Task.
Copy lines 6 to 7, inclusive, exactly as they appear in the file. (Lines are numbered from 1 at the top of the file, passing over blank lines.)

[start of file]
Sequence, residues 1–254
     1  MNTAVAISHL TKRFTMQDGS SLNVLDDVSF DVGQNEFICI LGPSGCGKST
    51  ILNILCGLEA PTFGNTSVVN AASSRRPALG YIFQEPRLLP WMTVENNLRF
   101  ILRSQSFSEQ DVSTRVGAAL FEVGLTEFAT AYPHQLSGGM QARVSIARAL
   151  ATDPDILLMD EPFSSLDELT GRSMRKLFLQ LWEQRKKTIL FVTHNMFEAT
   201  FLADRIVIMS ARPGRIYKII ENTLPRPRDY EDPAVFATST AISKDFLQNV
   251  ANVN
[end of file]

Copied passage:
   201  FLADRIVIMS ARPGRIYKII ENTLPRPRDY EDPAVFATST AISKDFLQNV
   251  ANVN